Flaxseed is one of the richest plant sources of alpha-linolenic acid (ALA), a type of omega-3 fatty acid that can be converted into eicosapentaenoic acid (EPA) and docosahexaenoic acid (DHA), the two most active forms of omega-3s found in fish oil. However, this conversion process is inefficient in humans, so you may need to consume more ALA to get the same benefits as EPA and DHA.

One tablespoon (7 grams) of ground flaxseed contains 1.6 grams of ALA, which meets about 100% of the Adequate Intake (AI) for women and 64% for men3. Psyllium husk does not contain any ALA or other omega-3 fatty acids.

Another difference is that flaxseed contains lignans, while psyllium husk does not. Lignans are phytoestrogens, which are plant compounds that can mimic the effects of estrogen in your body. Lignans may have anti-cancer effects, especially for hormone-sensitive cancers, such as breast, prostate, and ovarian cancers. Lignans may also help balance your hormones, reduce menopausal symptoms, and protect your bone health.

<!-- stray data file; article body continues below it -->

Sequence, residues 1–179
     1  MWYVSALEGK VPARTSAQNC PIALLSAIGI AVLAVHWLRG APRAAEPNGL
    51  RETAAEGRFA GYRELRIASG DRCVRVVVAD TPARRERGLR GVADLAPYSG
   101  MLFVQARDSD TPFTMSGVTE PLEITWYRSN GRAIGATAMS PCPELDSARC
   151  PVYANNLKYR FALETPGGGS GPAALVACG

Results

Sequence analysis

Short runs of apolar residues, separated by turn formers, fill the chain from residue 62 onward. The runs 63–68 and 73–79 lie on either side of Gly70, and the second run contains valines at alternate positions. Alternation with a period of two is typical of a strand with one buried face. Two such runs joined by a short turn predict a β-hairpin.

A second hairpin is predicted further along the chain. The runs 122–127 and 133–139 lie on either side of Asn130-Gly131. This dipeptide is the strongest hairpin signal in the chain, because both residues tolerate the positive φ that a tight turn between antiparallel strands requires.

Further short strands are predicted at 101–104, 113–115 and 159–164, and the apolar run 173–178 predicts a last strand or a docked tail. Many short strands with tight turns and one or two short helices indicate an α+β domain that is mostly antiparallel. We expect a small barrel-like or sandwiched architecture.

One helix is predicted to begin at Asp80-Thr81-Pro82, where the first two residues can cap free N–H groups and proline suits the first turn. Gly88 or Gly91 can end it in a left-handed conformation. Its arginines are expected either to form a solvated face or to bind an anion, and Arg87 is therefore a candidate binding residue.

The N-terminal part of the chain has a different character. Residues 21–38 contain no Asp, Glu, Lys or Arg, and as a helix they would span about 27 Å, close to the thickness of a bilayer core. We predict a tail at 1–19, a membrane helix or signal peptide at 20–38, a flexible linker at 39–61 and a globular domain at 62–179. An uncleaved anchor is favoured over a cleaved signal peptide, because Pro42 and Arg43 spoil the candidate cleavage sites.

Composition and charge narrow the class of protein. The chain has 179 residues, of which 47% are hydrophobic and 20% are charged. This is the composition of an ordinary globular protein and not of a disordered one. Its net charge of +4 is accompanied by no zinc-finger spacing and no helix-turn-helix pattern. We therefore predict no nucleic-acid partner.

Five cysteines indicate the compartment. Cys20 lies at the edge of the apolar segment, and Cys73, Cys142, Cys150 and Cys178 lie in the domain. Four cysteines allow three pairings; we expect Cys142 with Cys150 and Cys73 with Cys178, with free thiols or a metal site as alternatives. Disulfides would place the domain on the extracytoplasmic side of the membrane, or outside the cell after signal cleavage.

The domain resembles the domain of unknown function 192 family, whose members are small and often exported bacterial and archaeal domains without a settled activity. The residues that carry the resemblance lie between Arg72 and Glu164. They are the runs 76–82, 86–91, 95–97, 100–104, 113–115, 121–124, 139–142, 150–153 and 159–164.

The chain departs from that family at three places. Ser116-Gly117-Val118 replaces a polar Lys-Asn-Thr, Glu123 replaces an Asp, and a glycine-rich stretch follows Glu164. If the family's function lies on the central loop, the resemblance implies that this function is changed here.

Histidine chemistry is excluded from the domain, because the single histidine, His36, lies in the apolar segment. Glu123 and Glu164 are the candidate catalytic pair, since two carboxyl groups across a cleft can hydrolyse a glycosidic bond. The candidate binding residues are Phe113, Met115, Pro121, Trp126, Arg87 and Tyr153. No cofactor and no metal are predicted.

Flaxseed is the richest source of lignans in the human diet, containing about 75 to 800 times more lignans than other plant foods. One tablespoon (7 grams) of ground flaxseed contains about 85 milligrams of lignans. Psyllium husk does not contain any lignans or other phytoestrogens.